“Who do I like to listen to?” muses Fiona Flanagan, the veteran hard-rock siren whose new album, Squeeze, is about to be released by Geffen Records. “I just bought that Sandi Saraya record, When the Blackbird Sings. I listen to old Rod Stewart. And I love the Ozzy Osbourne record that’s out right now.”
“Oh, and I just bought ‘I’m Too Sexy,’” she admits, laughing. “I bought the single last night. I think it’s the funniest thing I’ve ever heard in my life!”
Flanagan laughs a lot these days. But while life looks pretty good for her at the moment--new album, new label, new band (named Fiona, by the way)--she hasn’t always had a lot to laugh about.
Take, for instance, 1985, a year that, by all rights, should’ve been a really big one for her. Atlantic Records released her solo debut (the now out-of-print Fiona), she sang all over the No Small Affair soundtrack, and she opened for the ever-hot Bryan Adams on the U.S. leg of his megabucks Reckless tour.
But by year’s end both her album and the film were in the bargain basements, and Bryan Adams’ predominantly teenage female audience had apparently decided not to turn Flanagan into their latest role model.
1986 was better--for awhile. Not only was she slated for some big-time top billing opposite Bob Dylan and Rupert Everett (of Dance with a Stranger fame) in Richard Marquand’s Hearts of Fire (Marquand’s follow-up to Jagged Edge), but the release of her second album (the still-in-print Beyond the Pale) was also scheduled to capitalize on the interest that the film would no doubt generate.
And, just in case Plans A and B should somehow fail, Flanagan landed the role of a “kinky hooker” who kills herself on what was then TV’s highest-rated show, Miami Vice.
But her character’s suicide proved uncannily symbolic: For the second time in as many opportunities, her promisingly multi-faceted career bit the dust.
First off, during the editing of Hearts of Fire, Marquand died of a stroke. “It kind of freaked everybody out,” Flanagan recalls. “I think the film was problematic before that, but once he died, the film was orphaned. It was really his baby.”
More problematic than Hearts of Fire’s failure, however--at least from the standpoint of Flanagan’s music career--was the debacle that Beyond the Pale turned into before it was done, especially considering how well it could’ve turned out.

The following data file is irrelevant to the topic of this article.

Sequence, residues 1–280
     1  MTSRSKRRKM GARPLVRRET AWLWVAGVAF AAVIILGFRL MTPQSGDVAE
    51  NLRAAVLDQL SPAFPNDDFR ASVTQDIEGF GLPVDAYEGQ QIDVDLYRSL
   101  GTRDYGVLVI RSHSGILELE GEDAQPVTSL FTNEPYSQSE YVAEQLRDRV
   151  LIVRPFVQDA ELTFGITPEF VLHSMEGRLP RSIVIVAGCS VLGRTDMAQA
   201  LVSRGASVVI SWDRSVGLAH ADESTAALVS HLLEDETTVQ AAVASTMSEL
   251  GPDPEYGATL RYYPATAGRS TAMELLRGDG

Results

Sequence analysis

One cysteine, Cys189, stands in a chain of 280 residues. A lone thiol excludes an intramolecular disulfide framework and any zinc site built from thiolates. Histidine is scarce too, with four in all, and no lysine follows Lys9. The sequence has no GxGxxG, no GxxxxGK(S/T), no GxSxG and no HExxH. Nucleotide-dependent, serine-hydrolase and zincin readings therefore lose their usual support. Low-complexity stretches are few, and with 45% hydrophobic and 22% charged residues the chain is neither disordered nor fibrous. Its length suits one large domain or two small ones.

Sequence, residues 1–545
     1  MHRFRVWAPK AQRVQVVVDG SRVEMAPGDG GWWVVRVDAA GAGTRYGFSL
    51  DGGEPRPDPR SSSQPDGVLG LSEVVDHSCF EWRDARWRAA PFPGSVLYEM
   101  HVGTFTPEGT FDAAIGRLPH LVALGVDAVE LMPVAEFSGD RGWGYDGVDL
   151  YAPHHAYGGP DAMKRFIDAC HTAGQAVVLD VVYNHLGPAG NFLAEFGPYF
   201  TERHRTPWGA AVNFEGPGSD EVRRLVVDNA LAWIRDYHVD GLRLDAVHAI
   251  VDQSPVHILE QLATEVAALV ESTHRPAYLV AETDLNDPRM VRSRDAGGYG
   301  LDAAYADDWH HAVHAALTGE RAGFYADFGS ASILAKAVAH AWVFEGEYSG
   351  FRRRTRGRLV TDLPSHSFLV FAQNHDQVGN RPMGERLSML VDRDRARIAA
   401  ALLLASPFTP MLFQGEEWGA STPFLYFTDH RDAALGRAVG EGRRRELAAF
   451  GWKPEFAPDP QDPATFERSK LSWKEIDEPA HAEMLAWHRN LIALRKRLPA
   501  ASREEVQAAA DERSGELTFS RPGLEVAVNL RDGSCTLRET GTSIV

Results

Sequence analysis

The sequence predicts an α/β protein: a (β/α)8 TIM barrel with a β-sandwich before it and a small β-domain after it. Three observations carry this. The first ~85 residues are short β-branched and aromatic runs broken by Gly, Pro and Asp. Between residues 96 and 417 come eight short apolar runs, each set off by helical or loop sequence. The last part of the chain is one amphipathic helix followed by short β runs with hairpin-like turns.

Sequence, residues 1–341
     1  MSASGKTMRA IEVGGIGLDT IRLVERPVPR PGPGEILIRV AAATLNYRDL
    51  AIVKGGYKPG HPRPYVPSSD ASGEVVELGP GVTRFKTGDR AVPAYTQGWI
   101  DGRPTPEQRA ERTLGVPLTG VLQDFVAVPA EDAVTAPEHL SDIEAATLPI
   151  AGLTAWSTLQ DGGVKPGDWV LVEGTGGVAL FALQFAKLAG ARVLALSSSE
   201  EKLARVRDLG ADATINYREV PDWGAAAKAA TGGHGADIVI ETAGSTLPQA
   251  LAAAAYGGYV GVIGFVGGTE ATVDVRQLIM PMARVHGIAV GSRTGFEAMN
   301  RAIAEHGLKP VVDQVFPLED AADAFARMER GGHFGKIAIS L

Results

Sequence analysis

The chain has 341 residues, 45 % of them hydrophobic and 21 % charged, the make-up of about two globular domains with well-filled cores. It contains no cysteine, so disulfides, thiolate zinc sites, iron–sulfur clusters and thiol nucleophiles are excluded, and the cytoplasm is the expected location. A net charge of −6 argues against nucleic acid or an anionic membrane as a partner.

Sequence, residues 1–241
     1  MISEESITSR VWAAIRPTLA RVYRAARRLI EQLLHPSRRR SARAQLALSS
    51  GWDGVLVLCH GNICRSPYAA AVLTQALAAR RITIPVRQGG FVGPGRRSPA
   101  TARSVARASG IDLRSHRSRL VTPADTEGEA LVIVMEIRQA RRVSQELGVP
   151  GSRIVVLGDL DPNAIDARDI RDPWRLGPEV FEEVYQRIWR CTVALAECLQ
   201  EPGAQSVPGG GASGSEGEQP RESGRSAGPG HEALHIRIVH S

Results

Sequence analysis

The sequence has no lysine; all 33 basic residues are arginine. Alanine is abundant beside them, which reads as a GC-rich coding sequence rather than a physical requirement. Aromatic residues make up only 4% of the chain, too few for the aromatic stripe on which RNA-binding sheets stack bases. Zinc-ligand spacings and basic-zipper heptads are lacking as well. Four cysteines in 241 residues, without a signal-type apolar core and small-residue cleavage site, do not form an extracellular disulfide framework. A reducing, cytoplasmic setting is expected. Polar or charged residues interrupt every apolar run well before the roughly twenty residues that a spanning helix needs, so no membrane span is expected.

“I ended up marrying the producer, Beau Hill, so the recording of it was enjoyable,” she says. “It’s just that the record was pretty bad. There were too many cooks, not enough communication, not enough pre-production, not enough rehearsal with the band.”
It didn’t help either that the “band” was really just an assortment of studio pros coming and going through a revolving door. “It was a mish-mosh. People were getting fired. And that’s what the record sounds like.
“But,” she wants to know, “why is that record what we’re talking about?”
It’s easy to understand why Flanagan wants to talk about Squeeze. Ten songs packed with walloping hooks and juiced to life by Marc Tanner’s metallic echo-chamber production, it sounds like what you might hear if that guy in Roxette were to ditch his current partner for Lita Ford.
In other words, if Squeeze doesn’t ring the bell at the top of the strongman pole that is the pop-music business, then maybe the world’s just plain unworthy of it and Fiona should pack it all in for a career in modeling.
“I took my time with this one,” she explains. And how much time exactly did she take? “Eighteen months. Not eighteen months of actual recording, but I wanted to put a band together. I started out with just me and [A&R man] John Kalodner. Then I solicited players.”
Did she have trouble finding musicians who’d want to play with someone who, despite being born and reared a Flanagan, had been as untouched by the luck of the Irish as she’d been up to that time?
“No,” she laughs. “There are lots of unemployed musicians, believe me. And, anyway, I didn’t exactly try to get Eric Clapton on guitar. I just wanted people that were interested in the same things I was.”